CityPASS New York: The Metropolitan Museum of Art

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Look, I did not like the MET but it was overwhelming.  Perhaps because I had already been to Staten Island earlier in the day and then the Brooklyn Museum.  Then I decided to grab the train Uptown to the Metropolitan Museum of Art.  It was open late and I thought perfect – I can use my time wisely and stroll around at a leisurely pace.

Even as I took my time – there is really only so much art you can see in one day whilst on holiday.  So again no disrespect to the MET.  Now I feel you can only really see one wing of the MET a day to truly appreciate the wealth of art in the space.  It is doable – but how much are you absorbing.  My mistake.  I should have carved out a map of ‘must see’s’ before I got there.  But how much planning is a girl to do?

I did enjoy Jasper Johns, Seurat, Monet, Degas and Hopper works.  It was a wonderful space to get lost in and see what new treasure I could fall into.

My favourites?  I really liked the William Kentridge exhibit called ‘The Refusal of Time’.   William Kentridge’s five-channel video installation The Refusal of Time (2012) is a thirty-minute meditation on time and space, the complex legacies of colonialism and industry, and the artist’s own intellectual life.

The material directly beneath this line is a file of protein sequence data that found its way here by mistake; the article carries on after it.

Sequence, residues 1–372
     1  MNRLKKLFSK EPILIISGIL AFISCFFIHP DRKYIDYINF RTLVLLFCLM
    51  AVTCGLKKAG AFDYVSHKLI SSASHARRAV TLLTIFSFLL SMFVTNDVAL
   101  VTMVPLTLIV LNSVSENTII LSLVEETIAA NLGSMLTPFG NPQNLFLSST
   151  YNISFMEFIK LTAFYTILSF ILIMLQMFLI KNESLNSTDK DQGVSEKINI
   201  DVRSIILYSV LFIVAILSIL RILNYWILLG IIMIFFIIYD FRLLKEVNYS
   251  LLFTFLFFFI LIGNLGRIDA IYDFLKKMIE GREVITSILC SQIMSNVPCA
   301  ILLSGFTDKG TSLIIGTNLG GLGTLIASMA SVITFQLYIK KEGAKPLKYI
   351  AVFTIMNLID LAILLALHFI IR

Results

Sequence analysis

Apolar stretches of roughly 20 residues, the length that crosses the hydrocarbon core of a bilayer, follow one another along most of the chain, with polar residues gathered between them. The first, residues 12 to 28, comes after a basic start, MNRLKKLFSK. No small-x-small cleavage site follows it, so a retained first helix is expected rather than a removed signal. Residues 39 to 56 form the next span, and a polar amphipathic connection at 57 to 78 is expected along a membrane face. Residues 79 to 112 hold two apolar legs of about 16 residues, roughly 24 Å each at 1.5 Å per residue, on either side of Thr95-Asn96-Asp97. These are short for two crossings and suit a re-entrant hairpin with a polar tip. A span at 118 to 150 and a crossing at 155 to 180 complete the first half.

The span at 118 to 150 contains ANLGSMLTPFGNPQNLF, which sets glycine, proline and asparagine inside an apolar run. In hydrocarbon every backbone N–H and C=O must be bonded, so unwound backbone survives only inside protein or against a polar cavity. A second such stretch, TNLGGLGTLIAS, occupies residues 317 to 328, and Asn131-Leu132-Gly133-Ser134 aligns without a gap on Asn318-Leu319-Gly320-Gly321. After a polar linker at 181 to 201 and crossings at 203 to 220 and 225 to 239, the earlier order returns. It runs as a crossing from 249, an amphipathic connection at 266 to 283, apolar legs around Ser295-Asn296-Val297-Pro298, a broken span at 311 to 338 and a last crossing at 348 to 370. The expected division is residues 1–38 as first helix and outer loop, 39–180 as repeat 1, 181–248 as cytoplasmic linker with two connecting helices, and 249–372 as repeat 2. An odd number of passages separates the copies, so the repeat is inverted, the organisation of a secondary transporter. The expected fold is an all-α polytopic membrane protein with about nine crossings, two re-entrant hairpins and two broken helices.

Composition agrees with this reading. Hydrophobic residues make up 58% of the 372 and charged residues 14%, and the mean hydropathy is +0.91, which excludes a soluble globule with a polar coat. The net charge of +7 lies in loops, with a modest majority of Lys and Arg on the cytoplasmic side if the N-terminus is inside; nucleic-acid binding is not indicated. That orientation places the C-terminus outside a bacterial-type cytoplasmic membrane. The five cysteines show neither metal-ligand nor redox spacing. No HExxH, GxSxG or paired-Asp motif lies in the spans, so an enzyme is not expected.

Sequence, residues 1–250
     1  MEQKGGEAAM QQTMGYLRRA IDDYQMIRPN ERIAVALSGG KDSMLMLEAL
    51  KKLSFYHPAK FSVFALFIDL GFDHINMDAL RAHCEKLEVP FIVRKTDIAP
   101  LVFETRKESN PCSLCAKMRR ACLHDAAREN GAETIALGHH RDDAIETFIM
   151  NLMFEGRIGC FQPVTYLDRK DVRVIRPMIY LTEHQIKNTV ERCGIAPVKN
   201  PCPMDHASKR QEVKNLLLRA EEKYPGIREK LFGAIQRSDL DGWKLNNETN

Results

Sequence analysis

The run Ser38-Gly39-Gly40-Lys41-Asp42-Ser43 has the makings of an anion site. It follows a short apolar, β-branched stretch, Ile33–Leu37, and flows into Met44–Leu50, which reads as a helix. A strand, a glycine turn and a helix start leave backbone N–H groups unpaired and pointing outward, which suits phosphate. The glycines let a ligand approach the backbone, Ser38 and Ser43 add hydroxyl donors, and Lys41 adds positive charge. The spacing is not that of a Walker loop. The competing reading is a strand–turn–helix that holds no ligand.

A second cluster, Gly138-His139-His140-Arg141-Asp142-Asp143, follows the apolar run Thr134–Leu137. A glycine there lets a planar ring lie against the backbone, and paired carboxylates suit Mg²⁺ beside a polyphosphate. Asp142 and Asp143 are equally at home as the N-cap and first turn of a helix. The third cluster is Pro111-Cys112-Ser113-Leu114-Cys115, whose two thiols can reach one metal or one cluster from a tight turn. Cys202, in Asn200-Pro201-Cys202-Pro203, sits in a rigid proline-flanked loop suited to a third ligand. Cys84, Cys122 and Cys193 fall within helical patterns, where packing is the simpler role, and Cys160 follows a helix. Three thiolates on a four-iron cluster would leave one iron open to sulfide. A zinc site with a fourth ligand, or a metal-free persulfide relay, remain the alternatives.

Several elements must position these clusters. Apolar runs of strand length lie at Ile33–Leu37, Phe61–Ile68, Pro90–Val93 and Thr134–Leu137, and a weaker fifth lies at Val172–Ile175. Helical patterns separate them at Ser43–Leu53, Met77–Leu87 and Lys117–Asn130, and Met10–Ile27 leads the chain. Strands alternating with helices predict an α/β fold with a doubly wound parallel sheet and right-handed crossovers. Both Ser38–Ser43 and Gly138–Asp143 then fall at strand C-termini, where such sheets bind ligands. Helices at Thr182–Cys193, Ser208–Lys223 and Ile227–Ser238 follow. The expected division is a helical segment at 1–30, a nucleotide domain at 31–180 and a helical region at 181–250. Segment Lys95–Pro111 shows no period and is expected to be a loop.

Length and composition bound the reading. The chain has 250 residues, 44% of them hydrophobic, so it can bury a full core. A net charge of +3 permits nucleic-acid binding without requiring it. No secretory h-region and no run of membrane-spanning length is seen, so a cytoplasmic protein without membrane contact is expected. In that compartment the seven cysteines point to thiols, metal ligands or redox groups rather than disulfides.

At the center of the installation is a moving sculpture—the “breathing machine” or “elephant”—an organ-like automaton with a pumping bellows. Plans from the 1870s for copper pneumatic tubes under the streets of Paris that would pump regular bursts of air to calibrate the city’s clocks reminded Kentridge of a passage from Charles Dickens’s novel Hard Times (1854). Dickens describes a factory machine moving “monotonously up and down, like the head of an elephant in a state of melancholy madness”—a metaphor for the often convulsive developments in science and industry during the modern era and a reminder of the vain impulse to control time.

I also enjoyed Florine Stettheimer’s ‘The Cathedrals of Fifth Avenue’.  Stettheimer treats the spectacles of high society and consumerism with affectionate humor. A newly wedded couple emerges from a church, ready to begin a life of excess and acquisition. Floating above them are the names of New York’s most exclusive shops and food establishments; “Tiffany’s” is spelled out in jeweled letters, and “Altman’s” is shaped from fine home furnishings. At right, Stettheimer and her sisters exit a limousine near August Saint-Gaudens’s gilded Sherman Monument. In one of her poems, the artist extols such luxuries:

I like slippers gold

I like oysters cold

and my garden of mixed flowers

and the sky full of towers

and traffic in the streets

and Maillard’s sweets

and Bendel’s clothes

and Nat Lewis hose

and Tappé’s window arrays

and crystal fixtures

and my pictures

and Walt Disney cartoons

and colored balloons.

Would I go to the MET again?  Definitely.  But I probably wouldn’t do anything else that day.


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